In simple terms, a trust is a way of managing assets (money, investments, land or buildings) for people. There are different types of trusts and they are taxed differently.
Historically trusts were about handing over control of assets owned by one individual (”the Settlor”) to trusted persons (“trustees”) to look after on behalf of the Settlor. Originally this was done when the gentry decided to go crusading and needed someone to control their assets whilst they were away.
In a modern context trusts have all sorts of uses, the main uses of which are:
Trustees can control assets on behalf of the “settlor” either:
- During the settlor’s lifetime e.g. because of some sort of disability on the part of the Settlor, simply because the settlor wishes to hand the decision-making process to a third-party or because the Settlor wants to make a gift (perhaps for inheritance tax planning purposes) but doesn’t want the beneficiary of that gift to have control of the asset or
- After the settlor’s death (usually in their Will), when the settlor wants his wishes concerning the future use of assets to continue to be respected.
The Settlor can create a trust either during their lifetime or by Will with a view to protecting the asset from or for the beneficiary. This is often done if the trustee is concerned that the intended beneficiary may waste the asset if received by them (possibly due to negative influences from a 3rd party or because as a result of a disability the beneficiary is not in a position to look after the asset themselves) or because the beneficiary is in a difficult situation which may make it unwise for them to receive the asset personally e.g if they are in receipt of benefits or in an unstable relationship.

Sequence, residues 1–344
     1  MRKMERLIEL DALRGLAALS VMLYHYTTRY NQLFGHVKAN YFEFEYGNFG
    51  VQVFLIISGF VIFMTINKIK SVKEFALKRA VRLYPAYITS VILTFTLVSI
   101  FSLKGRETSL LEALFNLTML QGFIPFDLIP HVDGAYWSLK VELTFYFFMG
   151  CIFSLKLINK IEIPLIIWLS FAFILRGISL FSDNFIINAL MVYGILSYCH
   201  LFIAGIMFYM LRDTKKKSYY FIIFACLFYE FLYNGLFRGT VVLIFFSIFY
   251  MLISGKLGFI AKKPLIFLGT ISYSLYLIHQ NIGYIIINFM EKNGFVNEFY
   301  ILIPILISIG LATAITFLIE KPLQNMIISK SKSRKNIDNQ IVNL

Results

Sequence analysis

3. Beneficial ownership
Beneficial ownership of an asset is more complex than simple ownership and various types of beneficial ownership can be created by trusts. If I simply own a house, it is mine, I can do what I want with it and that is that. Under a trust I can set up a situation where someone else has the use of the asset for life but does not own it or control it (this is known as a life interest and is often seen in wills where there is a 2nd marriage). Using a trust I can specify that young beneficiaries become entitled to the asset, but only if they reach a certain age or if the trustees consider them to be responsible. A trust can also be used to provide for the home to be managed on behalf of someone who is unable to do this personally. All the above are types of beneficial ownership. These days family life seems to be much more complicated, and passing on assets often involves much more subtle solutions than simply gifting the house outright to someone else.
So, the point I am making is that trusts are about much more than tax.
For people who have complications in relation to their assets and/or personal circumstances, trusts may be the solution whether or not they help with tax planning.
Specialist trusts and inheritance tax solicitors
At Gregg Latchams we offer clients strategic advice relating to trusts, including:
- Taxation issues
- Trust creation
- Preparation of trust documents
- Professional trust administration service
- Advice and assistance to Trustees
- Expertise as members of the Society of Trusts and Estate Practitioners
For a no-obligation discussion with one of our specialist tax and trust solicitors in Bristol or London, please call 0117 906 9400 or email firstname.lastname@example.org